Dan picked the Aquatic Park in San Francisco as the site of the swim. Yep, chilly San Francisco Bay. Gulp.
Truth be told, I was nervous about the swim. This was to be my first time out in the open water swimming with purpose since I was a little kid (meaning: not just horsing around jumping off a boat offshore or snorkeling around). I knew the water was going to be frigid, and I don't like cold water much. I also didn't relish the thought of being such a newbie in front of Dan (there's that darn ego getting in the way).
I tried to sleep as best I could, but still was a bit fretful and restless in bed. Even so, I woke up at 6:30a to eat some oatmeal and gather my gear together: swim suit, swim cap, goggles, sweats, towels, body glide and an energy drink and Clif bar for post-workout. As I drove north to San Francisco, I felt a certain twinge of anxiety, but I knew I'd be in good hands.
Dan and I met up at 8am at the Sports Basement at Crissy Field so I could pick up my rental wet suit and also to buy some wax ear plugs, at Dan's suggestion. I'd discounted the effect that frigid water on the eardrums can have on one's sense of balance, so I appreciated the tip (the first of many to come) coming from Dan's many years of experience.
By 8:30am, we'd found parking spots at the Aquatic Park and were walking toward the big amphitheater of concrete seats above the small beach.
I don't think we could've picked a better day to swim. The sky was clear, the wind was calm and the temperatures weren't too bad. Air temperature was 47 degrees and the water temperature was 52 degrees. Thank goodness for wetsuits! There were already several folks from a Team in Training group in the water swimming along the buoy line, so we plunked our stuff down on the steps near their stuff (safety in numbers?) and proceeded to change into our wet suits for the swim.
As we were changing, Dan gave me the rundown of things to do to prep for the swim:
- Apply Bodyglide to your calves (ease of suit removal) and your neck area (cut down on chafing) before putting the suit on. DON'T get Bodyglide on your goggles... it's a mess if you do.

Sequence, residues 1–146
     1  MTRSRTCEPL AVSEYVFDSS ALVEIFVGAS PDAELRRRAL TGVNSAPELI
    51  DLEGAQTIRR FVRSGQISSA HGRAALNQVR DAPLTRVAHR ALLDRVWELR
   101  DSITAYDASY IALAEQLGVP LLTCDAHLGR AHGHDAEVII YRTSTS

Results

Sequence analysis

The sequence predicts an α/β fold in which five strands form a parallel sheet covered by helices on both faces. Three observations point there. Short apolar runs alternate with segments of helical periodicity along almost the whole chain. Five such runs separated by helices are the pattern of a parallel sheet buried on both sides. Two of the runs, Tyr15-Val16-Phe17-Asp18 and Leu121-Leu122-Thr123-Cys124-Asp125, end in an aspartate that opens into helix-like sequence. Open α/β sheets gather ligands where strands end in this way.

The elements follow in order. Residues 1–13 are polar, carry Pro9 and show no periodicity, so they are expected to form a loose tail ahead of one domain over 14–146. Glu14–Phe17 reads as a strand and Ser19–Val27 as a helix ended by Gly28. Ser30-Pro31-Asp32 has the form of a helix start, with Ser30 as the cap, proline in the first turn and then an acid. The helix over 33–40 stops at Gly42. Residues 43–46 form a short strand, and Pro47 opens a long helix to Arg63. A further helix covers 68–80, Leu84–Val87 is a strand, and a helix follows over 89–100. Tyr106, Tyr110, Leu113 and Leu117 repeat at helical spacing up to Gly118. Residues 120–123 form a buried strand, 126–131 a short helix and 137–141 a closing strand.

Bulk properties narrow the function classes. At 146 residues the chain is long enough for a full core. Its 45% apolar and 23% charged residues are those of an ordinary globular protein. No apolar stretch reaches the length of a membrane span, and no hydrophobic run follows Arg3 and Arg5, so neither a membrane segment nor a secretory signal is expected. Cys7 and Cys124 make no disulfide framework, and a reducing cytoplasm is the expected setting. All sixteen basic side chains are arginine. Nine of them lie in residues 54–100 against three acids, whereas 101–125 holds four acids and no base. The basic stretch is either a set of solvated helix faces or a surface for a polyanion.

- When you put your wet suit on, make sure there's no gap below the crotch before slipping into the sleeves... you don't want a big gap for water to pool between your legs.
- Always wear a brightly colored swim cap in open water so it's easy to be seen. I have a dark grey one and planned to buy a bright cap until Dan told me I'd get them at the races I enter and would soon have too many.
- Put your ear plugs in before getting your ears wet so they stick in place better
Then we walked in up to our chests, and I was doing ok until the cold water leaked into my suit via the zipper line up my back, and WOW was that a shocker. Not quite take-your-breath-away cold, but a stark reminder that I was going to be suffering with my face in this chilly stuff.
Dan suggested we just try and swim 20 yards or so to ease into things and pop back up to reassess our progress. He recommended we do some crawl, some breast stroke and even float on our backs as our faces got used to the water temperature.
Then the magic moment: I put my face down in the water and swam a bit. Shocking cold aside, I was kind of pleased that these first strokes in the Bay went pretty smoothly. Sure, I couldn't see more than two feet due to the cloudy water, and instead of chlorine, all I could taste was salt, but the experience wasn't as frightful as I imagined it could be.
By the end of the 20 yards, my face really hurt due to the cold water. We treaded water a bit and talked the how-tos of sighting in open water (big landmarks, sneak the peek at them into your stroke, adjust as necessary) and then swam a stretch again.
Over the next half hour, we swam back and forth along the shore line enough for me to realize this whole sighting thing can really mess with your stroke efficiency. I found I most enjoyed the swimming when I was able to track alongside Dan and not sight at all. Only once did I mis-time a breath and take in a mouthful of water, but I didn't gag like I thought I would, I simply spit it out and kept going.
By the time our swim was done, I was feeling pretty satisfied with how well the session had gone... even though I couldn't really feel my toes or fingers.
Dan gave me some last instructions on exiting the swim and starting the first transition in a race:
- don't stand up too early too deep and judge this by touching the bottom three times with your hands during your swim stroke before popping onto your feet.
- Begin to disrobe the wet suit ASAP because it's easier to take off when it's wet.
- Get your feet as clean as possible before donning your socks/shoes for the next leg.
- Wear synthetic socks on the bike leg so as to avoid blisters from wet feet in cotton socks.
As I listened to him, I marveled at how warm the sun felt in the 47 degree air in comparison to the water we were just in. That didn't stop me from hurrying to get my sweats on, and I cranked up the heated seats in my car on my way back to Sports Basement to drop off my wet suit.
I really appreciate Dan guiding me through my first open water swim. He was a good teacher, and I know I'll be able to use his tips next week at the race. Although the water won't be so cold at any of my triathlons I enter this summer, our swim from Alcatraz is just five months away, so I know I'll be back at the Aquatic Park many more times as I get ready to swim the distance this fall.